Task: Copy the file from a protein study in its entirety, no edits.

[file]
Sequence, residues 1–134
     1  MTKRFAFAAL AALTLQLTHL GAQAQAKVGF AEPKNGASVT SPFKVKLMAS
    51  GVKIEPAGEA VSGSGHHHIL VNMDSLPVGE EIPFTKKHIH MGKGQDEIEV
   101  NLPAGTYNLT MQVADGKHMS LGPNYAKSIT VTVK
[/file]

Sequence, residues 1–134
     1  MTKRFAFAAL AALTLQLTHL GAQAQAKVGF AEPKNGASVT SPFKVKLMAS
    51  GVKIEPAGEA VSGSGHHHIL VNMDSLPVGE EIPFTKKHIH MGKGQDEIEV
   101  NLPAGTYNLT MQVADGKHMS LGPNYAKSIT VTVK